Grenouille has just made the move to work for Baldini as an apprentice, and the narrator is describing how Grenouille acquires the language of perfume. Remember that Grenouille doesn't need this language at all to make exceptional perfumes; his superhuman sense of smell is enough for him. However, to exist and move freely within the world and not raise suspicion, he needs to know this language, as it allows him to pass as normal. Grenouille understands that in order to accomplish his goals, he must exist alongside the rest of humanity.

The acquisition of the language of perfume mirrors his process of acquiring spoken language. Grenouille realizes that it's a necessary thing he must learn, but he only realizes this as it becomes extremely obvious, and only because ignorance of it might hinder his personal goals.

Part 2, Chapter 27 Quotes

... he clapped his hands and called his servants, who were invisible, intangible, inaudible, and above all inodorous, and thus totally imaginary servants...

Related Characters: Jean-Baptise Grenouille
Related Symbols: Grenouille's Inner World
Page Number: 128
Explanation and Analysis:

The narrator is describing Grenouille's evening activities in his imaginary “inner fortress.” While Grenouille's inner empire provides insight into what Grenouille wishes the world would be (odorous in a way he finds pleasing; himself as the god or ruler), the particulars of Grenouille's servants indicate how Grenouille feels about humanity. Notably, Grenouille wishes to be served. He wishes for someone else to fetch him things and perform menial tasks. However, in his perfect world, these people simply perform tasks without actually existing in any way. This indicates just how intense Grenouille's self-involvement is, as he cannot even bring himself to imagine what actual servants in the real world might be like (and would presumably be displeased by their human scent). While Grenouille is eventually able to recreate much of his fantasy world in real life, these servants and the existence of humanity in this particular way stand as one thing that he's never able to bring about.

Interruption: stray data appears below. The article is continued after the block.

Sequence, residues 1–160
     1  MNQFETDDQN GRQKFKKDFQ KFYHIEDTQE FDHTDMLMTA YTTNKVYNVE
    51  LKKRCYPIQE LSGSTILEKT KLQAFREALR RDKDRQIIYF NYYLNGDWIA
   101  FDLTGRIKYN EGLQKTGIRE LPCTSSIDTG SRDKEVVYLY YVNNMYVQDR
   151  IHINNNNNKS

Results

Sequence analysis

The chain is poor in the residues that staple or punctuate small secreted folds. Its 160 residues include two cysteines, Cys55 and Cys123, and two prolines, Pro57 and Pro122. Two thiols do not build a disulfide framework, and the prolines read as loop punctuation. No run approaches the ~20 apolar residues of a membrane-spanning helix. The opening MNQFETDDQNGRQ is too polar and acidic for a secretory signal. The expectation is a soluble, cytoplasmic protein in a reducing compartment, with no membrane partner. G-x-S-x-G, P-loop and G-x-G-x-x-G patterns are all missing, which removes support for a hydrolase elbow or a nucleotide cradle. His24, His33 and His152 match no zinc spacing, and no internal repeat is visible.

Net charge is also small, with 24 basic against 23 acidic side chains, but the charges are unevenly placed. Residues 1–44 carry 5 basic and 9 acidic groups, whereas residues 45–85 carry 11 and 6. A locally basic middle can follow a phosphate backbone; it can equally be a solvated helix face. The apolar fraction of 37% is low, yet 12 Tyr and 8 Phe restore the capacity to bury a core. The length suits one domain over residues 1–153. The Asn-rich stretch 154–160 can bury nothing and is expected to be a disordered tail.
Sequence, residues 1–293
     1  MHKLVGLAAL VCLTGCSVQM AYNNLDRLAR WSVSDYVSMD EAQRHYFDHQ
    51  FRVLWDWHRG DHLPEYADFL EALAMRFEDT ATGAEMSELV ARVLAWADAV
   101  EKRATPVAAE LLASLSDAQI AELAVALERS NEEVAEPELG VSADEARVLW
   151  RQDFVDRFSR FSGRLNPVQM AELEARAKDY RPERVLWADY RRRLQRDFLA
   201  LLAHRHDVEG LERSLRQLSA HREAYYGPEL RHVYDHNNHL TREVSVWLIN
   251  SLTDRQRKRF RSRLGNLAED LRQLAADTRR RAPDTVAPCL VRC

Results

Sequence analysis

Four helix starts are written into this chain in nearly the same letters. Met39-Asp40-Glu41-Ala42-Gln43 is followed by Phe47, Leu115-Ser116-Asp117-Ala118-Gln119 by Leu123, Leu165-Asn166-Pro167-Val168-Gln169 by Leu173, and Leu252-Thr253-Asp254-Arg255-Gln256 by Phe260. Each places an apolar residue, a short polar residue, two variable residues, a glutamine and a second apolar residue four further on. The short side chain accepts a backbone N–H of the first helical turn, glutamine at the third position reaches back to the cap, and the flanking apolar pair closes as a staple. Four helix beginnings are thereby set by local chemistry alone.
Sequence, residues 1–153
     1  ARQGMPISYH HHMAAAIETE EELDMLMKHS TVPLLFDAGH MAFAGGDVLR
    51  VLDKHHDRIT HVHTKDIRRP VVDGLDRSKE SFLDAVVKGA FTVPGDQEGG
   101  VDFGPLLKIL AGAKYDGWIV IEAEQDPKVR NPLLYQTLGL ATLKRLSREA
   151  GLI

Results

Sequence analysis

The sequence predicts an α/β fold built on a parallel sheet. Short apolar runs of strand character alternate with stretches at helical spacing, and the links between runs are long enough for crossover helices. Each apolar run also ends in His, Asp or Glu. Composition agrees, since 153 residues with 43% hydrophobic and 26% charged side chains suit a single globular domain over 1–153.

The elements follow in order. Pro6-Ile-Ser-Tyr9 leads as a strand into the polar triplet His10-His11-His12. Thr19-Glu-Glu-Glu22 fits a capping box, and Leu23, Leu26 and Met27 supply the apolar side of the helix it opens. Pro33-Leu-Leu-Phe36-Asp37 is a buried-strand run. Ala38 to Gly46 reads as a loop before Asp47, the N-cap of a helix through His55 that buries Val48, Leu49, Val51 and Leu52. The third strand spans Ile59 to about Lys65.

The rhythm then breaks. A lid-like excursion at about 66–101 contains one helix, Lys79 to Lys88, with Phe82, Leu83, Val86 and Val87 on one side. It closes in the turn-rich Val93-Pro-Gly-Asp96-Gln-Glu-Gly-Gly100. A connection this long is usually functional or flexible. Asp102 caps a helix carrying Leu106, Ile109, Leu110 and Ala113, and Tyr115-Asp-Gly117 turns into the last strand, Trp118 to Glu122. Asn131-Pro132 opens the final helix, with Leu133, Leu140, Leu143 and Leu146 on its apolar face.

Part 2, Chapter 30 Quotes

“You will realize for the first time in your life that you are a human being; not a particularly extraordinary or in any fashion distinguished one, but nevertheless a perfectly acceptable human being.”

Related Characters: Marquis de la Taillade- Espinasse (speaker), Jean-Baptise Grenouille
Page Number: 144
Explanation and Analysis:

Following Grenouille's departure from the volcano, he is taken in by the marquis and provided with clothes and makeup, which the marquis is here offering Grenouille a mirror to look at.

Notice the language used here, specifically the use of "human." By following the logic of the novel, coming of age and becoming an adult naturally entails becoming fully human, as children are treated as less than- or sub-human. This moment, then, stands as a stepping-stone in Grenouille's quest to come of age and become human, as this is the first time another person calls to his attention that he is, indeed, human. Grenouille's process of coming of age isn't quite complete, however, as for Grenouille's personal journey to adulthood, discovering his personal scent is a necessary part of the equation.